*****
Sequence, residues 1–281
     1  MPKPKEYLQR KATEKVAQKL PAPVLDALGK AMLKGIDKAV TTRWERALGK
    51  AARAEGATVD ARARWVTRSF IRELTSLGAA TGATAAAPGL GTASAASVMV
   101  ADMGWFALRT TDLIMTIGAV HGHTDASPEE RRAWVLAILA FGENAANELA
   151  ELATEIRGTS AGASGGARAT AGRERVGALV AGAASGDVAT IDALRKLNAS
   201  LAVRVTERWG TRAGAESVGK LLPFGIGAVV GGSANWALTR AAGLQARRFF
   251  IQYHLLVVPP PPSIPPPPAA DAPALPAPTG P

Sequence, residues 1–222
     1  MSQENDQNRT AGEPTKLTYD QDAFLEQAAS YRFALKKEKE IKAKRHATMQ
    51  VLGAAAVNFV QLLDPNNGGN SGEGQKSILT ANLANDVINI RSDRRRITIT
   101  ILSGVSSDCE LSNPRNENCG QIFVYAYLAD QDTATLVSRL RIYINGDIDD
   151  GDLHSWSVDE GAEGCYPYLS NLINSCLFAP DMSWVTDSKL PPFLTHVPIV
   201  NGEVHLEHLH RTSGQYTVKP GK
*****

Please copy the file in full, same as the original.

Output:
Sequence, residues 1–281
     1  MPKPKEYLQR KATEKVAQKL PAPVLDALGK AMLKGIDKAV TTRWERALGK
    51  AARAEGATVD ARARWVTRSF IRELTSLGAA TGATAAAPGL GTASAASVMV
   101  ADMGWFALRT TDLIMTIGAV HGHTDASPEE RRAWVLAILA FGENAANELA
   151  ELATEIRGTS AGASGGARAT AGRERVGALV AGAASGDVAT IDALRKLNAS
   201  LAVRVTERWG TRAGAESVGK LLPFGIGAVV GGSANWALTR AAGLQARRFF
   251  IQYHLLVVPP PPSIPPPPAA DAPALPAPTG P

Sequence, residues 1–222
     1  MSQENDQNRT AGEPTKLTYD QDAFLEQAAS YRFALKKEKE IKAKRHATMQ
    51  VLGAAAVNFV QLLDPNNGGN SGEGQKSILT ANLANDVINI RSDRRRITIT
   101  ILSGVSSDCE LSNPRNENCG QIFVYAYLAD QDTATLVSRL RIYINGDIDD
   151  GDLHSWSVDE GAEGCYPYLS NLINSCLFAP DMSWVTDSKL PPFLTHVPIV
   201  NGEVHLEHLH RTSGQYTVKP GK